HOW DO VARIOUS HYDRONIC SOLAR COLLECTORS PERFORM?
The blue Line reflects unglazed solar panel performance. They offer the steepest (Highest Y intercept value) curve, meaning they perform very well the entering fluid temperature is low and ambient air temperature is high (warm air). The steep slope shows that decreasing air temperature (or increasing entering fluid temperature) take a big toll on performance. This type of solar collector is great for heating pools in the summer because pool temperatures are usually fairly close to daytime air temperatures in the summer when pool use occurs (Ti-Ta is at its minimum, and efficiency is at its max).
The red line reflects glazed flat plate solar panel performance. They offer slightly lower Y intercept values because the glass coating reflects some light, but the efficiency slope is flatter than unglazed panels because the glazed panels have insulation inside and trap the absorber's heat inside the collector's box. as a result the panel looses less heat when outdoor air is cooler.
The green lines represent evacuated tube performance. These collectors offer lower Y intercept values and their slope is even flatter that glazed panels. On sunny hot days, they don't perform as well as flat plates, but the excellent vacuum insulation makes them more efficient that flat plates when it's very cold outside or sun is weak (low insolation values). This flatter slope also means that evacuated tubes are more appropriate for projects requiring high fluid temperatures in colder climates such as space and process water heating.
- How do Vacuum Tubes Solar Collectors Work?
- How do Hydronic Solar Thermal Heating Works?
- Decarbonization by Producing Medium Temperature Hot Water with Vacuum Tube Solar Collectors
- How to install a Solar Panel on an inclined roof?
- How to lengthen the lifespan of Vertical Geothermal Well with Evacuated Tube Solar Collectors in Nordic Climates?
WHAT IS THE USEFUL COLLECTOR'S THERMAL EFFICIENCY?
Having free hot water from your solar panels is fun but to payback your investment (the cost of panels, storage tank, piping, control, etc...) you need to make use of the generated heat. Living in Canada or the Northerm part of the US and having a lot of hot water in July and August in excess of your domestic hot water demand is simply a waste.A solar generated unused heat, is a wasted heat that don't count in your installation annual efficiency and savings, because that wasted heat do not offset any KWh from your utility bill.
The intersection between the Green and Red performance line in Fig.2 is at (Ti-Ta)/G=0.4. Assuming we are in Montreal (Quebec) where:
Outdoor temperature is at -30⁰ C and our Solar Panels are used for space heating where the heating loop is heated from 104 ⁰F (Ti=104 ⁰F=40⁰C) to 120 ⁰F. In half sunny half cloudy day with G=500 W/m². = 158 Btu/hr.ft² (Ti-Ta)/G= (104+20)/158=0.78 way on the right of the intersection point. This gives us a thermal efficiency of 0.35 or 35% for vacuum tube collectors versus a 0.1 or 10% efficiency for glazed flat plate collector.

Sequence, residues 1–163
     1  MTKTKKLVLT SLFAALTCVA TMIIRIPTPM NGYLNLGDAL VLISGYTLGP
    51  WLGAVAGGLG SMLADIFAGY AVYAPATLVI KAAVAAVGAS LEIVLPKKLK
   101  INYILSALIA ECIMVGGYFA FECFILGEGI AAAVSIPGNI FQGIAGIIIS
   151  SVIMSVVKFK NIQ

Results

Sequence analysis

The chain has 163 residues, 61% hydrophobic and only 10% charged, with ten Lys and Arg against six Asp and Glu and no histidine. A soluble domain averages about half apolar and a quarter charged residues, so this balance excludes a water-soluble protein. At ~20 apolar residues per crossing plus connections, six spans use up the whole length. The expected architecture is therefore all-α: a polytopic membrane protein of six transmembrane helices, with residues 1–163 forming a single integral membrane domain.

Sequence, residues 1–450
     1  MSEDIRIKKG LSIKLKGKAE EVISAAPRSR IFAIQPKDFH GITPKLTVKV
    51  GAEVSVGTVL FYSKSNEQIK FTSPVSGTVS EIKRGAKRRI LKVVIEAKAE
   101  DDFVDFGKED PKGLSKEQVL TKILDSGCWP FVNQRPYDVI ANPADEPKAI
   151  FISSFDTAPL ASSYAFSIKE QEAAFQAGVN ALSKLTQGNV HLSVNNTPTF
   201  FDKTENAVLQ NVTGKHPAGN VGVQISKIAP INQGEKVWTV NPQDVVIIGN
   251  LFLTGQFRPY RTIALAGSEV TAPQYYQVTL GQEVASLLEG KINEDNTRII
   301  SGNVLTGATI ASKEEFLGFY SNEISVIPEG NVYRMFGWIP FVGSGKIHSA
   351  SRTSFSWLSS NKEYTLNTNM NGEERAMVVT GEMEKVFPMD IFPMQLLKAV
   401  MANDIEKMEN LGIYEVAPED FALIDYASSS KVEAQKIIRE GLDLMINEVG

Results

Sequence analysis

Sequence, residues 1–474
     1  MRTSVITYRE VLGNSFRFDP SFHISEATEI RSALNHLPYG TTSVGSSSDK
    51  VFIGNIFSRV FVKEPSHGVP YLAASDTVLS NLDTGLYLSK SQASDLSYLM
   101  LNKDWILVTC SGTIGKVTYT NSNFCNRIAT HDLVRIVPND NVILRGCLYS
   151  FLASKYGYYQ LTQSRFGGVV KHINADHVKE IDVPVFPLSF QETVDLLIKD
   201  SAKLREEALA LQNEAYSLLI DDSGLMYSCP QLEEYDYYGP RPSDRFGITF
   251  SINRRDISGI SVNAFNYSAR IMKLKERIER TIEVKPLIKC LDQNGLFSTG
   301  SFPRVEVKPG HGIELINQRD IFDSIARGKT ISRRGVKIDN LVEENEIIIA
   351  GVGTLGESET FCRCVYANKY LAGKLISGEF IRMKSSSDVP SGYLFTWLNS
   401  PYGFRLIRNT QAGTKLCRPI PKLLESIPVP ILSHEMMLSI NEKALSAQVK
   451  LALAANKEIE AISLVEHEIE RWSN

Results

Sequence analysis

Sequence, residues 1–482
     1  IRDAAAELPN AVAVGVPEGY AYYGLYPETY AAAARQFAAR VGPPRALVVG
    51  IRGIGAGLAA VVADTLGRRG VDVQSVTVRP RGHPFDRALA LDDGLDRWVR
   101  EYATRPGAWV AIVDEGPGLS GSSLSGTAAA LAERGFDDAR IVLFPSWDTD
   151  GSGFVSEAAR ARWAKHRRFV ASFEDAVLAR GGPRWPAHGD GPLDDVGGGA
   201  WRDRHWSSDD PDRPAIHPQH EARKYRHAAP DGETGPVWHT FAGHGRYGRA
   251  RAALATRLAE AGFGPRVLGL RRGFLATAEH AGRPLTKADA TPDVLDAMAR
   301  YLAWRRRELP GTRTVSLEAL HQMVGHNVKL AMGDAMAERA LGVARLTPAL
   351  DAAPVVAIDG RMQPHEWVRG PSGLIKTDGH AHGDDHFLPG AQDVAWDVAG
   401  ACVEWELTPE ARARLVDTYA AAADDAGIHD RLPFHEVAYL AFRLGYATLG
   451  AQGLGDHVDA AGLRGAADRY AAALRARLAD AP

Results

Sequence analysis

Outdoor temperature is at 0⁰C and our Solar Panels are used for space heating where the heating loop is heated from 104 ⁰F (Ti=104 ⁰F=40⁰C) to 120 ⁰F. In half sunny half cloudy day with G=500 W/m². = 158 Btu/hr.ft² (Ti-Ta)/G= (104-32)/158=0.45 way on the right of the intersection point. This gives us a thermal efficiency of 0.4 or 40% for both types of collectors.
For outdoor temperatures above 0⁰ C, Flat Plate solar collectors are more efficient but heating demand is much lower than in extreme winter conditions. Higher Thermal efficiency at mid-winter season generate more energy than needed, thus increasing the volume of wasted energy.
In the city of Montreal we have 121 110 Heating Hours for outdoor temperatures below 0⁰ C (where heating demand is high to medium) and 54 385 Heating Hours for outdoor temperatures above 0⁰ C (where heating demand is moderate to low).
Running Polysun Solar simulation and comparing our HydroSol VT58 Vacuum Tubes Solar Collectors (2 x 30 Tubes Collectors) to a Glazed Flat Plate solar collectors (having a Y intercept of 0.792, slope of -7.517 W/m².⁰C and same Gross Area) and after putting the monthly Generated KWh and the Building Monthly Heating Demand into a graph, we get the following result:
As we can see in the above graph:
- Between the months of May and September, Glazed Flat Plate Collectors generate much more energy than Vacuum tubes Collectors, exceeding Building Hot Water demand. Generated Hot Water in Excess of demand is not counted toward annual Collectors' thermal efficiency.
- Between the months of October and end of April, Glazed Flat Plate Collectors generate much less energy than Vacuum tubes Collectors in a scale far below Building Hot Water demand.
Because Vacuum Tube Solar Collectors energy production is more aligned with demand presence, they do cover a larger % of montly and annual heating demand. This means that in this case Vacuum Tubes Solar Collectors are (91.3 - 66.8)=24.5% more efficient than Glazed Flat Plate.